Sirte Summit: Between slogans and political commitment

Sirte- Libya (PANA) -- On their way to the Ouagadougou Conference Centre in Sirte (Libyan Jamahirya), African leaders were greeted by banners bearing messages and slogans seeking to influence the outcome of the two-day 5th African Union (AU) Summit opening here Monday.
The slogans range from those condemning the UN Economic Commission for Africa (ECA), to the ones warning developed countries that Africa was no longer their back-garden.
Other banners advocated freedom of movements for people and goods and the launching of one African passport.
The slogans calling for the abolition of boundaries and National State, reject the division of the African continent under the pretext of aid and also link Africa's future with the emergence of the United States of Africa, anchored on the proposal by Libyan Leader Moammar Kadhafi, who has called for the creation of continental ministerial portfolios in four vital areas including Foreign Affairs, Defence, Trade and Communications and Transport.
The proposal is seen as a key challenge which the Libyan leader has posed to the tottering Union, to judge its degree of maturity and political commitment.
The test appears particularly necessary in the face of slow flow of funds into the AU coffers.
Member States are owing the continental organisation about 88 million US dollars, although part of the arrears was inherited from the defunct Organisation of African Unity (OAU).
But in reality only 12 out of 53 member States have paid their financial dues to the AU.
Meanwhile, the delicate item on the agenda of the AU Executive Council session on the reform of the UN took considerable time with seven contenders for the possible two permanent seats proposed for Africa on the Security Council.
Despite the fact that a High Special Commission had worked on the criteria and other related details, its report did not help much in narrowing the sharp differences.
The compromise reached on the emotive issue is that no African country should place its candidature for the UN Security Council seat directly or unilaterally.
But a long-serving African diplomat likened the differences over the UN seats to "villagers quarrelling over their individual stake in a meat, when the sheep is no where in sight.
" According to delegation sources, the proposal by the Senegalese President Abdoulaye Wade, on alternate means for financing the African Union, could have run into some technical difficulties because one of the options focused on import levies at the national level but it avoided contradiction with World Trade Organisation (WTO) standing regulations on fixed ceiling for taxation on imported goods.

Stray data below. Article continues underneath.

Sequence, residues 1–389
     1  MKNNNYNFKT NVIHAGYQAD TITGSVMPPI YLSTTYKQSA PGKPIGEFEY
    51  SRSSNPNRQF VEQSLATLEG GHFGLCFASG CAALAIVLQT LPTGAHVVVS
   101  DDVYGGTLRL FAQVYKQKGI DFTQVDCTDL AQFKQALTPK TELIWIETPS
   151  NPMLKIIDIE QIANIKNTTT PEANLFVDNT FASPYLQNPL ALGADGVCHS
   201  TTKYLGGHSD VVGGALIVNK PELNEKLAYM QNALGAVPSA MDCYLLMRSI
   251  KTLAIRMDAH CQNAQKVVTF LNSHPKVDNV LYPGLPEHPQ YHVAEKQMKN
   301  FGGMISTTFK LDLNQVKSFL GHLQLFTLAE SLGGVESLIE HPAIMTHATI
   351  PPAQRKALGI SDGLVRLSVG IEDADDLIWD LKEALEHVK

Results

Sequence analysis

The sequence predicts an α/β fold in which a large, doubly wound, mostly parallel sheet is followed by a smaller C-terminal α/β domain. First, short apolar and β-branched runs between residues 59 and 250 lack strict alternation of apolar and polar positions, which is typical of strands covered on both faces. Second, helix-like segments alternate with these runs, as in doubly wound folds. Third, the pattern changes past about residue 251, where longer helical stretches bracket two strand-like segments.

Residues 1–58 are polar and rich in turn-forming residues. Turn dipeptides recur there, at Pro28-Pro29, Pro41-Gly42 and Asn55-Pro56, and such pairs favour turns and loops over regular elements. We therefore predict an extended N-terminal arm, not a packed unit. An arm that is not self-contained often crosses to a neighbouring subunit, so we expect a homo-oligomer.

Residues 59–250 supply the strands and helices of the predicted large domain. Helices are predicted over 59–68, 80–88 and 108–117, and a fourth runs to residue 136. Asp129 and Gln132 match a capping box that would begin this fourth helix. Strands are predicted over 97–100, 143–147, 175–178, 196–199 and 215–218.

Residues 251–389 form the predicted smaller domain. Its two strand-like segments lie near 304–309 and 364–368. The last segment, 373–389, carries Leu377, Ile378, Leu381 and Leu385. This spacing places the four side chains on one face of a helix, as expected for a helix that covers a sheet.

This means that the option remains open.
A formula said to have gained consensus is the ratio-funding by the five big contributors to the AU annual budget namely, Algeria, Egypt, Libya, Nigeria and South Africa.
The five would be meeting 65 percent of the AU annual budget, with Libya alone paying 15 percent while the others pay 13 percent each.
To some observers, this proposal constitutes a major departure from the old OAU path that for over 38 years maintained a scale of assessment for contributions determined by area, population and Gross Domestic Product (GDP) of member States.
According to analysts, there could be negative repercussions from this method, which legitimises for the first time in the politics of Africa, the concept of "super powers.
" Though, it might have existed, it had never been played up, in order to maintain the "equal right and equal obligations" principles among African member States, one analyst noted.
But like one observer said, the AU "can no longer afford to continue to be held hostage to the defunct OAU principles and models.
" The new proposal could be the only way out for the AU to obtain the resources that would allow it to function and progress.
Cash flow has been the weakest point of the three-year-old Union, and it must avoid proving critics right that lack of resources would constitute its greatest undoing.
But the financial issue apart, the next question is: "will the Sirte 5th AU Summit leave behind the era of slogans and initiate actions that will convince ordinary Africans that the burial of the OAU in Durban in July 2002 was total?

03 july 2005 22:10:00




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